14 March 2019

Call to Serve


Nothing happens by chance in my life. This is one of my life principles. Including when I was given the opportunity to pursue a medical education, I believe this is not a coincidence. As someone who has been equipped, it would be selfish of me to enjoy it alone. I have a duty to share. To share what I have gained with others. After graduating as a doctor, I wish to go to areas in Indonesia to give of myself in the field of health.

I know that there are still many areas in Indonesia that lack medical personnel and have difficulty accessing health facilities, which makes me feel called to give myself. Through the internship doctor program after graduation, I thought I could make it happen. It turned out that I didn’t get an internship in a peripheral area of Indonesia, but in a city that was quite advanced in the health sector. The desire to go to areas in Indonesia that are difficult to reach health facilities still runs strong within me.

One day, a friend invited me to register for doctorSHARE. After waiting for a long time, the opportunity came. I was invited to do my first medical service in Muara Kaman, East Kalimantan in April 2018. I was so happy to have the opportunity to share and serve my brothers and sisters in remote areas of the country with doctorSHARE! We traveled by road for about 6-8 hours from Balikpapan to get to Muara Kaman.

The terrain that had to be traveled was difficult. We crossed the Mahakam river using a wooden boat, passing through damaged roads that were bumpy and muddy. There is no doctor at the Muara Kaman health facility. Patients at the health center are served by midwives and nurses. So, if they needed further health treatment, patients had to be referred to the nearest city with a distance of 1-2 hours with difficult terrain.

My first medical service made me realize that there are still many people in the peripheral areas of Indonesia who still do not receive adequate health services. They still have to struggle to reach health facilities. It was very different from the place where I interned. This made my heart even more moved to serve. The next opportunity, I was invited to serve in Kei Besar Island, Maluku.

In Kei, I experienced first-hand the phrase that Dr. Lie Dharmawan always echoed, “If you become a doctor, don’t take money from the poor. They will pay, but at home they cry because they don’t have money to buy rice.” At that time, the minor surgery team was operating on a lipoma on a mother’s back. The case was quite difficult, and the surgery took a long time. In the middle of the operation, she suddenly started crying.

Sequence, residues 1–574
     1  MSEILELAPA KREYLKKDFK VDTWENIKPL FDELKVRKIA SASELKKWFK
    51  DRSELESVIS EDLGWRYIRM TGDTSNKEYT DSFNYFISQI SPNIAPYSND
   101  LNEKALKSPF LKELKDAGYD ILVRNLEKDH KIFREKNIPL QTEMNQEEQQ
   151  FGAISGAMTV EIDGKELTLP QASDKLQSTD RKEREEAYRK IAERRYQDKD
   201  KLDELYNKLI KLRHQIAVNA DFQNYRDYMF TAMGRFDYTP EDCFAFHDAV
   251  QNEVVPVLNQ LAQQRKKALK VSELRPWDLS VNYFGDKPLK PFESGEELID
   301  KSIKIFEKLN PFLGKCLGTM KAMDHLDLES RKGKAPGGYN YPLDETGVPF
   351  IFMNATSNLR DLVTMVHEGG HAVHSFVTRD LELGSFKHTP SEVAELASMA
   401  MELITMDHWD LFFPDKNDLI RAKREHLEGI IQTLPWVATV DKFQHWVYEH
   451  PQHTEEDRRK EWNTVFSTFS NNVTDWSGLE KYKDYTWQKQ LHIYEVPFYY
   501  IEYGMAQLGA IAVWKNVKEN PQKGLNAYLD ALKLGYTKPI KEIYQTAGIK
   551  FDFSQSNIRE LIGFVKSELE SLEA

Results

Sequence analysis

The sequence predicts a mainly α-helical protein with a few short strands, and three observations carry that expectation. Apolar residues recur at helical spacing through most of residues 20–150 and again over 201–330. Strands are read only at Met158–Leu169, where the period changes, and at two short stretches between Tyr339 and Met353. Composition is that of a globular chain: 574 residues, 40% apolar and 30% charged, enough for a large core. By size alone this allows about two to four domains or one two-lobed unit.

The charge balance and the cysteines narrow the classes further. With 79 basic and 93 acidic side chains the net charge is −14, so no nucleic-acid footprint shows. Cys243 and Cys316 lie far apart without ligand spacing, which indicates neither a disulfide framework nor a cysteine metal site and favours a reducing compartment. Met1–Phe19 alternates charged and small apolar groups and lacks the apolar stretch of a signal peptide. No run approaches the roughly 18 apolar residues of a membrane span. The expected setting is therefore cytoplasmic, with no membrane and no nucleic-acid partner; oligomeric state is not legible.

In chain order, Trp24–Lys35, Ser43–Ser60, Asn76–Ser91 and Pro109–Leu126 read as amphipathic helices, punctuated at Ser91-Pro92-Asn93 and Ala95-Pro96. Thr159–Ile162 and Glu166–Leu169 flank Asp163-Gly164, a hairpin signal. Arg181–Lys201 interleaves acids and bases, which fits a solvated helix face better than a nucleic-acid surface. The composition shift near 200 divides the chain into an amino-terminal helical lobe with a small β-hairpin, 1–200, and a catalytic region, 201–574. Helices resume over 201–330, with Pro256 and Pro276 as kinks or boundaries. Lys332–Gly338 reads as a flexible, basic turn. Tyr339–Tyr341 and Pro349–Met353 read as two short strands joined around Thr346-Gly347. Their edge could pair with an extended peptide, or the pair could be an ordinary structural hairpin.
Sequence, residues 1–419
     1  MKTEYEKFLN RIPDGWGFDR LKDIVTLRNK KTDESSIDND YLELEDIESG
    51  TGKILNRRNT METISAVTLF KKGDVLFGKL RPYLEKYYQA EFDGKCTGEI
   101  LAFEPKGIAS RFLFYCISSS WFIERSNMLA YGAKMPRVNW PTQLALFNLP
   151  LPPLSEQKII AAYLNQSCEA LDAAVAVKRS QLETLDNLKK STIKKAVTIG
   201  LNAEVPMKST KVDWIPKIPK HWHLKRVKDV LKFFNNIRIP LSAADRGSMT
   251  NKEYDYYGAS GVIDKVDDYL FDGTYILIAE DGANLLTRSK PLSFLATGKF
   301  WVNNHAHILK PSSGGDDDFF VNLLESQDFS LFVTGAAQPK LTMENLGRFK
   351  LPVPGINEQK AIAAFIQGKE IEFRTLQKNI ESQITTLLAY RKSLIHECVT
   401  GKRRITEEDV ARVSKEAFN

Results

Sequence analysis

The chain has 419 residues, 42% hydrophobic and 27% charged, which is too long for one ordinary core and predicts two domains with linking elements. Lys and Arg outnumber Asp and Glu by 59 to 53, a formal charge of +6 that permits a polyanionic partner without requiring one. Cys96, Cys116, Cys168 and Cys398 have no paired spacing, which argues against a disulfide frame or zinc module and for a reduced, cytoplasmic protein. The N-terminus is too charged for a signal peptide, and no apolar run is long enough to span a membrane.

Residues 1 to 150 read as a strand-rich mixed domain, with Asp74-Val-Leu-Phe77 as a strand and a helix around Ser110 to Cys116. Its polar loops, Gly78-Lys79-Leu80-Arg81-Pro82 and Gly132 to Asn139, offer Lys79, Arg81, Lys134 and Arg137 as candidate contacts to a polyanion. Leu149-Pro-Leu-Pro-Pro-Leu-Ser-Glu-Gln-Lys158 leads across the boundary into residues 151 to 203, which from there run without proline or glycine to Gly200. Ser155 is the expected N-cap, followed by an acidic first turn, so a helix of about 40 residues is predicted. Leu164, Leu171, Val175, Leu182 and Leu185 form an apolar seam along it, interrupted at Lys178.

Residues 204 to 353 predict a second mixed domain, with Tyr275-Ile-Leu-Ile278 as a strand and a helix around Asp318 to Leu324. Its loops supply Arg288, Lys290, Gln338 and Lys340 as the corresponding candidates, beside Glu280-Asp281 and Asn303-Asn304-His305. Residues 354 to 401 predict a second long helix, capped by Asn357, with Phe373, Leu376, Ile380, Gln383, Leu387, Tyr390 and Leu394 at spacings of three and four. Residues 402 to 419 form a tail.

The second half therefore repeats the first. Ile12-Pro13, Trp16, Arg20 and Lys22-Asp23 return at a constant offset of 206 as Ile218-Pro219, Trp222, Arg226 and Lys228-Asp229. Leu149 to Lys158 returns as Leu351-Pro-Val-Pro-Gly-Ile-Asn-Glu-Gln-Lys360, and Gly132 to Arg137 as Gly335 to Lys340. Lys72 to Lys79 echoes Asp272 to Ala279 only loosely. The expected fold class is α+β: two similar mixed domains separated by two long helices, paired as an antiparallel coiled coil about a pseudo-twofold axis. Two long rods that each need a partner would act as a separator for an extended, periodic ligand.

We thought she was in pain because the anesthetic was starting to wear off. When we asked her why she was crying, she replied, “I don’t have money to take an ojek home.” Hearing her answer, my heart was touched, I almost shed tears. It was true what Dr. Lie always said. That mother came from far away, giving what she had just to get health care. My third medical service was in Batui, Central Sulawesi.

We also served the Kahumamahon tribe, an isolated tribe in Maleo Jaya Village, South Batui. Witnessing the genuine smiles and happy faces of the local people when we served them was an irreplaceable feeling for me. It was a satisfying feeling. Being a doctor is an amazing calling for me. I can be so close to life. Being a doctor for me is not only treating the patient’s illness, I can serve the patient as a whole human being and can also touch the patient’s soul. In fact, it is often my soul that is touched by the patient.

I am also grateful to be able to meet strong teams who have the heart to work and serve others. I learned from them that there is always a way to do good if we are willing to try. No matter how small the kindness, it will be beneficial and impactful. Every medical service with doctorSHARE has its own story in my heart. An opportunity to give myself, serve, learn, and meet great people. The experience and spirit of service will live on in my heart.